i would like to know if there is any way to query which clients are authorized to enroll certificates from Lets Encrypt?
how to revoke a client authorization?
what certificates each client have issued?
i am new managing my domain and dont know the scope of previous uses of letsencrypt's service in my domain.
Check the certificate transparency logs on a site like https://crt.sh
It won't tell you which client asked for a certificate but it will tell you if there are unexpired certificates you don't recognize.
To elaborate on @9peppe's response:
This does not exist. Authorization is ephemeral and requires a specific "Account" demonstrating authority over the domain within the past 30 days. The Account is simply a RSA Private Key, optionally with an email address.
There is no way to list current valid authorizations for a domain. LetsEncrypt typically caches a successful challenge response to an account for up to 30 days.
A domain owner can revoke existing certificates from the issuing account or by proving ownership through another account. This is generally not needed except if a system has been compromised, or you are worried about a former employee with ill intentions who had access to the keys. In those cases, creating a new account (which means a new Account Key) and issuing new certificates is the first step. If the system was compromised, revoking the certificates is not only prudent, but required by the Terms of Service. For staff turnover, revocation is usually not needed.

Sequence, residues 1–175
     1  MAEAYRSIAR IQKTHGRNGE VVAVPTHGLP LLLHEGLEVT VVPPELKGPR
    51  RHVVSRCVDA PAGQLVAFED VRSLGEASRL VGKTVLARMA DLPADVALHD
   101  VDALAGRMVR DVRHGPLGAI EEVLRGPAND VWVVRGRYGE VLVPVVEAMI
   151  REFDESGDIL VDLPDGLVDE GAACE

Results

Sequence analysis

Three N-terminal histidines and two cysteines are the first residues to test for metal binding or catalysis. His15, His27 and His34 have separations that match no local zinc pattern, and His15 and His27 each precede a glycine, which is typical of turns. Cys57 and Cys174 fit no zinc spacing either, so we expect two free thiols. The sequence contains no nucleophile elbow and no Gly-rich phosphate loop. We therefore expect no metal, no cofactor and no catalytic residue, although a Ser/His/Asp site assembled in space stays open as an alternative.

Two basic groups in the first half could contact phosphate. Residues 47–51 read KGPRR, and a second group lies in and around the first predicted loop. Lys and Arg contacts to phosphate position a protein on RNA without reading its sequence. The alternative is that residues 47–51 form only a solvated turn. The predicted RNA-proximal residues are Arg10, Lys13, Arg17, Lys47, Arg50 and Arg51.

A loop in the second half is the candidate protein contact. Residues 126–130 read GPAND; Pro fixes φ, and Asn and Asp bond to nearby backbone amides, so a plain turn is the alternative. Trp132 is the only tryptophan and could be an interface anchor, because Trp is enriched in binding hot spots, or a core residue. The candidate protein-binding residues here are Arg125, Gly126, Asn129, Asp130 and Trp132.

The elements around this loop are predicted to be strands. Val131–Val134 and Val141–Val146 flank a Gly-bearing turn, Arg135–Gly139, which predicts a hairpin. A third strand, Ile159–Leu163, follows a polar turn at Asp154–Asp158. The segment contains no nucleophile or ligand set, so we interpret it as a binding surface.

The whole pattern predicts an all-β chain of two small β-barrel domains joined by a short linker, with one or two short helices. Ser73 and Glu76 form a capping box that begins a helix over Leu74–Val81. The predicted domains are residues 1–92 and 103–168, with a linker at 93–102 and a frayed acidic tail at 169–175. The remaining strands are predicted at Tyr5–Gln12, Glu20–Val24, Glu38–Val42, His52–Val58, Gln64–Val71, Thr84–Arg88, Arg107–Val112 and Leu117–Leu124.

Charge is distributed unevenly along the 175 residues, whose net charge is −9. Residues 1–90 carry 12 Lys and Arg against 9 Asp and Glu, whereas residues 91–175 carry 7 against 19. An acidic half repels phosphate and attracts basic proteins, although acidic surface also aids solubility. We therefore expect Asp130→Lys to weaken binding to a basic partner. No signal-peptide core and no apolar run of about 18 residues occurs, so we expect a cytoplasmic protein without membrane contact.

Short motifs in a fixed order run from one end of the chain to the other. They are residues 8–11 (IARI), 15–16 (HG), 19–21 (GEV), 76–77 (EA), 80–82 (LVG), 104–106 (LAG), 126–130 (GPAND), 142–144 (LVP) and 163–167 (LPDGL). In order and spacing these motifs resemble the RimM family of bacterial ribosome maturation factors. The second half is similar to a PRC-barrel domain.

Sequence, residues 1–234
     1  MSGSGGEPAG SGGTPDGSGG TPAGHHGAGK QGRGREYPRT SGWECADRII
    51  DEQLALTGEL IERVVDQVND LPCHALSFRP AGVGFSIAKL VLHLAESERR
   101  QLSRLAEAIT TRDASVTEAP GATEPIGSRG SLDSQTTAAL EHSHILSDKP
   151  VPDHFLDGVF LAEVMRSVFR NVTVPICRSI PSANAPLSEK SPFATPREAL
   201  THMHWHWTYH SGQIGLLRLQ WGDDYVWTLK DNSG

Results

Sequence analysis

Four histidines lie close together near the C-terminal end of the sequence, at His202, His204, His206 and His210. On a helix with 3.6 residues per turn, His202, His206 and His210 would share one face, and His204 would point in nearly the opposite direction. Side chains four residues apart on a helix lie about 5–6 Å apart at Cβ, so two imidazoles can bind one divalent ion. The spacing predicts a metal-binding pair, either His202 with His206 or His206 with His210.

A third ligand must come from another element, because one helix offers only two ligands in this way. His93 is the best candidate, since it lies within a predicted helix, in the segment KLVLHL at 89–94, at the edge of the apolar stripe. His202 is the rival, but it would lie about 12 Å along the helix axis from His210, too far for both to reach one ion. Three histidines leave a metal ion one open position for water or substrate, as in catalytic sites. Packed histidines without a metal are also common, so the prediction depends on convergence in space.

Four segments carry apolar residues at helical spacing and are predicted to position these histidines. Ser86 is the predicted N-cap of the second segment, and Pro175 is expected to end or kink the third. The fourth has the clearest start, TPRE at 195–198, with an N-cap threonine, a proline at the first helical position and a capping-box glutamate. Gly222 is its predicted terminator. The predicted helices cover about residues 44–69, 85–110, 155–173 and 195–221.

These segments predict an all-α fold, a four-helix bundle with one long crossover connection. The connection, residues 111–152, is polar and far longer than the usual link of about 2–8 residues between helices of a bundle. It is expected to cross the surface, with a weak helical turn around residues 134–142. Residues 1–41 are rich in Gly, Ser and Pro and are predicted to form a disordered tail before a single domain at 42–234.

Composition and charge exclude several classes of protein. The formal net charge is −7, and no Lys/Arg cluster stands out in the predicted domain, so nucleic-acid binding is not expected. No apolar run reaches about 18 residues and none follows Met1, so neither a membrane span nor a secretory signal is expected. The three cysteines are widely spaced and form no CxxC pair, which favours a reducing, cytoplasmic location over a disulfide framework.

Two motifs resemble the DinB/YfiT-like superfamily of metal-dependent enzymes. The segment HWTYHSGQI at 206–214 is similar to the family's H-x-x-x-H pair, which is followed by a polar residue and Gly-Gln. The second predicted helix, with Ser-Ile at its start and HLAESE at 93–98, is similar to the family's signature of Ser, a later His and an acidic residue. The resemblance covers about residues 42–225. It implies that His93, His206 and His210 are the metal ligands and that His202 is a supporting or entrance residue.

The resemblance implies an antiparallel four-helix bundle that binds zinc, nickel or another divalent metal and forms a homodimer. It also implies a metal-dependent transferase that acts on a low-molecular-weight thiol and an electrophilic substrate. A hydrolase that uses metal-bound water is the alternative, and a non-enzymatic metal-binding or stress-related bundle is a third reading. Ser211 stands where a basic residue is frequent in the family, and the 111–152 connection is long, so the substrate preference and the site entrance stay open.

Certificate Transparency logs will show all issued certificates (and their pre-certificates).
It's worth stating that the client apps that can get a cert from LE for your domain are either running on the webserver for that domain, or have write access to your DNS to create TXT records (or there is a CNAME pointing elsewhere and the client can write to the other domain).
So while you can't easily revoke stuff for an LE account you don't control, you can control which services are present on your domain and who has the current credentials for your DNS, as long as you are in charge of DNS for the domain.
You can also mandate that particular CAs are allowed to issue certs using a CAA record in your DNS (e.g. not include Let's Encrypt), and set it to only allow issuance from the CA of your choice (.e.g. digicert).
There was talk of an CAA extension which could limit issuance to specific CA accounts but I don't think that has been implemented anywhere.
Looked out the resource you pasted. But i still not understand.
For exaple if my webserver was compermised i will
- Revoke all the issued certificates for that webserver
- How i prevent the authorisation key that was on the certbot for example on the server to issue new certificate?
From what i understand after i have authorized and get the key i can ask a new certificate from anywhere with that key.
Existing validations are cached for 30 days with Let's Encrypt, so there is a 30 day window where a compromised account key could get a certs if the included domains are previous validated for that account. Thereafter they would have to prove domain control as normal (e.g. via http validation or DNS validation).
To delete your account (before starting a new one) I believe you can use
certbot unregister. ACME does provide an Account Key Rollover feature but I don't know how to do that with certbot.